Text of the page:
Babylon Review: Damien Chazelle’s licentious masterpiece has orgies, elephants, spanking and Margot Robbie

Babylon is Damien Chazelle’s rocket-propelled dive into the early days of Hollywood, embellished with orgies, elephant poop and cocaine. There are spankings. Bacchanal dance. Chairs thrown through windows. And all of that in the first 15 minutes. la la countryChazelle’s Oscar-winning, Bambi-eyed paean to artists, poets and the “fools who dream” would drop dead of fear if she ever met his eyes.

Tailored to divide audiences, this expansive drama — and a clear rejection of those who once accused Chazelle of being an overly sentimental director — blows a bullet in any notion that the film industry’s silent era was ever austere or quaint be. This was a frontier period in which the art of cinema was being built from the ground up with no rules and very little restraint. It was a place where the mentally ill and the hungry could reinvent themselves, but not without significant personal cost.

We enter this world through the eyes of two such starved individuals, actress Nellie LaRoy (Margot Robbie) and film assistant Manny Torres (Diego Calva). Both are fictional amalgamations of real characters, as are almost all characters from Babylon are. Nellie combines aspects of Clara Bow, Joan Crawford, Jeanne Eagles and Alma Rubens. Mexican-American Manny is representative of the many immigrants who have carved a place in the industry.

The duo intertwine not only romantically but also spiritually — twin stars on a meteoric rise. Calva wears a poet’s heart on his sleeve, and does it beautifully, while Robbie’s wild performance feels like it’s sprung from a higher plane of existence. The film may have an extensive ensemble cast, but it’s Robbie who instills the true spirit of Babylon. She wrestles snakes (literal and metaphorical) and says goodbye to polite company with the killer line, “I’m going to put some coke in my p****”.

The film’s vision of the 1920s may be pushed to the limit of believability, but it’s rarely inauthentic. This is a work of busy imagination. Justin Hurwitz’s hip-shaking, foot-stomping jazz music is straight out of the underground music scene of early Los Angeles. When a newly famous Nellie emerges in a skimpy two-piece suit with blue sequins, she seems ready to party at Studio 54 decades later, but Mary Zophres’ costume work is extrapolated directly from the daring looks Clara Bow and her Variety have already sported . Nellie’s hair and makeup by Jaime Leigh McIntosh and Heba Thorisdottir was inspired in part by mugshots from the period.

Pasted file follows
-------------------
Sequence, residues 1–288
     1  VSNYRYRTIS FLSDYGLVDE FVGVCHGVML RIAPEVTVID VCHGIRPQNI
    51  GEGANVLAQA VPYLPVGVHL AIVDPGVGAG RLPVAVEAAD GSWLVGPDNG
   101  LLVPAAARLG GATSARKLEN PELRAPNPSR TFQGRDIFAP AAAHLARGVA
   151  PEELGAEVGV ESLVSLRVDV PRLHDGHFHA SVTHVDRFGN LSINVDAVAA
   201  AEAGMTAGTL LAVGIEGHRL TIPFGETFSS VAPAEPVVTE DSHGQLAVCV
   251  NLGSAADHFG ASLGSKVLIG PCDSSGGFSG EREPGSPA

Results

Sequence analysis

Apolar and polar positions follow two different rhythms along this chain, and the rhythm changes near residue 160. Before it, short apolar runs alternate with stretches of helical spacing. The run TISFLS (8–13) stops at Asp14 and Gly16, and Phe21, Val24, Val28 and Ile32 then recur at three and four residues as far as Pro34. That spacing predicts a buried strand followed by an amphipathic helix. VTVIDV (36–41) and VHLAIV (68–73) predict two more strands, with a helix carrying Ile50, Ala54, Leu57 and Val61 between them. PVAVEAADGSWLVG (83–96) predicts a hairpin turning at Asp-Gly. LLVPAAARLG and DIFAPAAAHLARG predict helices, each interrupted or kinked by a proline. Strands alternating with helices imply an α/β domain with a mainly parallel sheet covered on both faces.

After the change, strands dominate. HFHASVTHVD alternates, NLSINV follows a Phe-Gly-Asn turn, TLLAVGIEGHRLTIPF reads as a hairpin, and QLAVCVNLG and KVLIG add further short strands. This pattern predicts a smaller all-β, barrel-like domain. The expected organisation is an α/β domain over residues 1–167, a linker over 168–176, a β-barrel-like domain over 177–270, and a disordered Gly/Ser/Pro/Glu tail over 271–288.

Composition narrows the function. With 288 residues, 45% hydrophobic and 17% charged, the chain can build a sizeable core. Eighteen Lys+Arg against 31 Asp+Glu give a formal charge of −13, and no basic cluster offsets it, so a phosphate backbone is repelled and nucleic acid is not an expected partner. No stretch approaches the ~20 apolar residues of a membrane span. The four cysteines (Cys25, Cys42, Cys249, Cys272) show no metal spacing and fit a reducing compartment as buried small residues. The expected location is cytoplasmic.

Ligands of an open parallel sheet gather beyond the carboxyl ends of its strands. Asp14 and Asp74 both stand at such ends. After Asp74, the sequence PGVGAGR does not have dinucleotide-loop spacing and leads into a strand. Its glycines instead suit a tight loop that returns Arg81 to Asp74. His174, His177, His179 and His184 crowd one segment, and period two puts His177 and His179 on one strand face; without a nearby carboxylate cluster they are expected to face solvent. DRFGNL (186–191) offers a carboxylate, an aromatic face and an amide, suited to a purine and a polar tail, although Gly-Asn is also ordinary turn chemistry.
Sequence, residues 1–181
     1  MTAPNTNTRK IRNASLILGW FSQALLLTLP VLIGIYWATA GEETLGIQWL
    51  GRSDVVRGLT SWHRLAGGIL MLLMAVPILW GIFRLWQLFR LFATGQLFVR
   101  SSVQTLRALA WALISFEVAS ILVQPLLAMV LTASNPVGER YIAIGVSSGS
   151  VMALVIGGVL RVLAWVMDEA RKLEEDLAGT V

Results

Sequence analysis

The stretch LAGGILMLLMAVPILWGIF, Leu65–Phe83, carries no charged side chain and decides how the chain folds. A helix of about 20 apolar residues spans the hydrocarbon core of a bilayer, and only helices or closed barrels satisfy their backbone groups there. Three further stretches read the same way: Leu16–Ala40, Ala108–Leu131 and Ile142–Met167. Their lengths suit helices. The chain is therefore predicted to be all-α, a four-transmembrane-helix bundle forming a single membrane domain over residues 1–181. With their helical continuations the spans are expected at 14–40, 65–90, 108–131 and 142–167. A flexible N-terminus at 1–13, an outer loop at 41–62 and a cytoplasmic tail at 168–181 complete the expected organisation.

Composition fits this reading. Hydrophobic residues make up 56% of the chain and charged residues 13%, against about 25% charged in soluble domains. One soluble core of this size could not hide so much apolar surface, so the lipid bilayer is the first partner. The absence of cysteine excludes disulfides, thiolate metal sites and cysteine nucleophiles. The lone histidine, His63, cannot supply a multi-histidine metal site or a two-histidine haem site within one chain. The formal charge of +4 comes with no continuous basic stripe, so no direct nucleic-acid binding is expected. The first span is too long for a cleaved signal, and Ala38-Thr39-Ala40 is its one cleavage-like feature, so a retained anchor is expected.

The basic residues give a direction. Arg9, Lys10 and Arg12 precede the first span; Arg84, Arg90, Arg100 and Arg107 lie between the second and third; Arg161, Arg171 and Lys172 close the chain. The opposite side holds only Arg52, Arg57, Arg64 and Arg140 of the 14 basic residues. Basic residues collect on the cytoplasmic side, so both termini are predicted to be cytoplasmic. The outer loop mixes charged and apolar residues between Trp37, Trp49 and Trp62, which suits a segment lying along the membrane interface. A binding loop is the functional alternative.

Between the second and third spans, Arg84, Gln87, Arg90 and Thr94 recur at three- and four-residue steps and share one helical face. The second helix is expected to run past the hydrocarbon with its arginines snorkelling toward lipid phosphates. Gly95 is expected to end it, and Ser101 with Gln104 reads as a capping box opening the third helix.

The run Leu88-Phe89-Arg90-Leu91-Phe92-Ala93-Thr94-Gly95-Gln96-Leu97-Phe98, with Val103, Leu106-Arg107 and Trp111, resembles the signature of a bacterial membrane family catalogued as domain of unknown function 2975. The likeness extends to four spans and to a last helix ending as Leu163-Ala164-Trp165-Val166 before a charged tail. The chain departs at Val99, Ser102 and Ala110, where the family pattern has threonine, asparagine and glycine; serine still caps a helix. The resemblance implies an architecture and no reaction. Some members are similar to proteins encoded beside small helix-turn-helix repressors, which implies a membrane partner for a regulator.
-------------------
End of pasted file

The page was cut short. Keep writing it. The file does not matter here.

But it would be a mistake to believe that Babylon presents excess for the sake of excess. These extremities are reminiscent of F. Scott Fitzgerald’s portrait of the jazz age, in which material magnificence was the gossamer curtain drawn over the corruption and negligence beneath. Chazelle’s film is really about the price of immortality – what it takes to achieve that one perfect moment, like the single tear Nellie conjures up in front of the camera in her first role.

For some, reinvention is a playground, like established star Jack Conrad (Brad Pitt, whose presence is colored by recent allegations of domestic violence from ex-wife Angelina Jolie, which he denies). He dips his toe in a little white exoticism by posing as an Italian lover. But it’s a stark contrast to singer Lady Fay Zhu (Li Jun Li), who must carefully cultivate a kind of sensual orientalism when entering white rooms. Or black trumpeter Sidney Palmer (Jovan Adepo), who – in the film’s sickest, most painful scene – is only offered a chance at screen stardom if he darkens his skin to conform to the racial prejudices of the industry. In Babylon, you have to stand out to be seen, but only so long as it doesn’t upend societal norms.

The film, which opens in 1926, frames Hollywood’s transition into the sound era as a creative disaster. Directors are limited to tight soundstages. Actors have to hit the mark to be heard by the microphones. A new conservative moral code is beginning to take hold as the industry becomes increasingly corporatized. From here, Chazelle draws a link to the most famous film depiction of the silent film era from 1952 sing in the rain, and then on into modern times – how he achieves it feels too wondrous and surprising to spoil here. The film then ends with the silent tears of one character. Do they weep at the transcendent beauty of it all? Or the pain suffered at the time of its creation? In his ultimate provocation, Chazelle leaves the answer unclear.

D: Damien Chazelle. Cast: Brad Pitt, Margot Robbie, Diego Calva, Jean Smart, Jovan Adepo, Li Jun Li, Tobey Maguire. 18,189 minutes.

“Babylon” hits theaters on January 20th Babylon Review: Damien Chazelle’s licentious masterpiece has orgies, elephants, spanking and Margot Robbie


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